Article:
TTM revelling in Nedbank Cup triumph but fight for survival is not over

TTM revelling in Nedbank Cup triumph but fight for survival is not over
Tshakhuma Tsha Madzivhandila players celebrates a victory during the 2021 Nedbank Cup semifinal match between Mamelodi Sundowns and Tshakhuma Tsha Madzivhandila at Loftus Versfeld Stadium, Pretoria, on 18 April 2021. (Photo:Samuel Shivambu/BackpagePix)

Limpopo side Tshakhuma Tsha Madzivhandila managed to claim the Nedbank Cup in their first-ever appearance in a major final. They are now hoping to use the momentum from this impressive victory to avoid the relegation and promotion playoffs.

Undoubtedly, after their history-making triumph over Chippa United in the Nedbank Cup final, Tshakhuma Tsha Madzivhandila (TTM) are still in honeymoon mode. You can’t blame them for it either, theirs is a remarkable story of turning things around.

However, they will have to shelve some of those positive emotions momentarily with relegation threatening to rain on their parade. As the team’s head coach Dylan Kerr pointed out after the win on Saturday. 

“It’s a great achievement for TTM after the season that they’ve had. The players have been through so many ups and downs, mainly downs, but today they thoroughly deserved it,” said Kerr, who has been working with Mpho Maleka and David Mathebula to ensure the turnaround.

“The players have got to enjoy tonight but not too much because we’ve got a very tricky game against SuperSport on Wednesday and we’re still not out of danger. We’ve got to be careful tonight. There’ll be some celebrations. But they’ll be in bed by 10 o’clock that’s for sure.”

The majority of the downs that coach Kerr alludes to came under the club’s previous administration. Tshakhuma’s previous owner, Lawrence Mulaudzi had bought the DStv Premiership status of the now-defunct Bidvest Wits. 

Previously they campaigned in the GladAfrica Championship, even going as far as reaching the relegation/promotion playoffs last season. 

They lost out on promotion in the playoffs, but that might have had to do with the fact they knew that their Premiership status was already secured. Regardless of the results. 

The team’s arrival in the top-flight was fraught with negative reports from the start, most relating to delays in paying players every month. There were also instances of players leaving the club, barely weeks after signing.

A couple of examples are Oupa Manyisa and Joseph Molangoane. Their departures were also linked to the club’s financial struggles. 

Phoenix rising

Then halfway through their maiden season in the Premiership, TTM were sold to a new owner — Ditonkana Abram Sello. That was the start of their resurgence which has now culminated in them claiming the coveted Nedbank Cup. 

“The challenges we were facing were becoming too much and it ended ruining my reputation, because football is my side business from my main businesses,” Mulaudzi told SABC radio station Phalaphala FM.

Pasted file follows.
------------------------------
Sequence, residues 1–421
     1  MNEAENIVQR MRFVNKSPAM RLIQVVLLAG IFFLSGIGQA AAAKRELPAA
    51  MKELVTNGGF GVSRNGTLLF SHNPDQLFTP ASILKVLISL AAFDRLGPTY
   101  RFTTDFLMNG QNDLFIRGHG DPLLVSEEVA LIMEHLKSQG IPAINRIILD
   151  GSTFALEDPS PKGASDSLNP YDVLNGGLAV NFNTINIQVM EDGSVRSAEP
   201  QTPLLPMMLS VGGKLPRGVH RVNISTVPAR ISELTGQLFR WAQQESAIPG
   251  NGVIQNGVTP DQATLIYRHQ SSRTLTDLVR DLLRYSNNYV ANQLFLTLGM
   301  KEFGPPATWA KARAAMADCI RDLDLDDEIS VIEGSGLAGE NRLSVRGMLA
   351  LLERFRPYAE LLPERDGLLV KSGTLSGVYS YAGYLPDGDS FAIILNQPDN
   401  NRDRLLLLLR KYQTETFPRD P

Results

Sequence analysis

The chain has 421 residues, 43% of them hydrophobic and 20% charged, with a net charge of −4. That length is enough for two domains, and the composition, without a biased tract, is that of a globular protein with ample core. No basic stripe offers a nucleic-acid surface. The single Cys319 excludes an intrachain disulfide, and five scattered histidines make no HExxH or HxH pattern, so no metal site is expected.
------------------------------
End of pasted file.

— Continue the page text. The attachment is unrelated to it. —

“So, we realised that it was becoming too much. Perhaps because the football business was out of our depth because I gave inexperienced and unknowledgeable people from home too much responsibility to run a football club. So we ended up having financial problems whereby I ended up taking the little I was saving for my family.”

It turns out the stewardship of Sello, who also has interests in the pharmaceutical industry, was just what the doctor ordered to aid the ailing rookies and change their fortunes.

They have slowly clawed their way out from the basement, replaced by neighbours Leopards – who are almost guaranteed to fall straight into the Championship. 

As for TTM, they are currently in 14th position, with five games still to play. Of course, they are not yet guaranteed safety, with an unwanted place in the playoffs still very much a possibility.

They lead Nedbank Cup losing finalists, Chippa, by a point. The Nedbank Cup champions, though, have a game in hand on the Chilli Boys, something which will further provide them with the belief that they can escape the inconvenience of the playoffs by the skin on their teeth. 

Of course, as former Mamelodi Sundowns coach Pitso Mosimane once famously said, games in hand do not equate to points in hand. So, Vhadau Vha Damani still have a fight on their hands.  

The Limpopo side’s final five fixtures will be tricky too, but they will be hoping to ride the wave of their recent success as they navigate them. They are set to face SuperSport, Maritzburg United, Baroka, Chippa, before closing off the season with a duel against Orlando Pirates. 

Club boss Sello is hoping that the financial reward brought on by the R7-million prize money, as well as the knowledge that they’ll be representing the country in the Caf Confederation Cup next season, will be just the motivation that his players need to ensure survival.

“We are still fighting in the league for safety and we are going to play in the Confederation Cup next season. This will go a long way in motivating everybody because it is not going to be easy,” said Sello. 

Regardless of what happens at the end of the season, the story of TTM is going to be used as an example of what can happen when an organisation is well-governed and the avoidable external noise that disrupts the camp is rendered obsolete. DM


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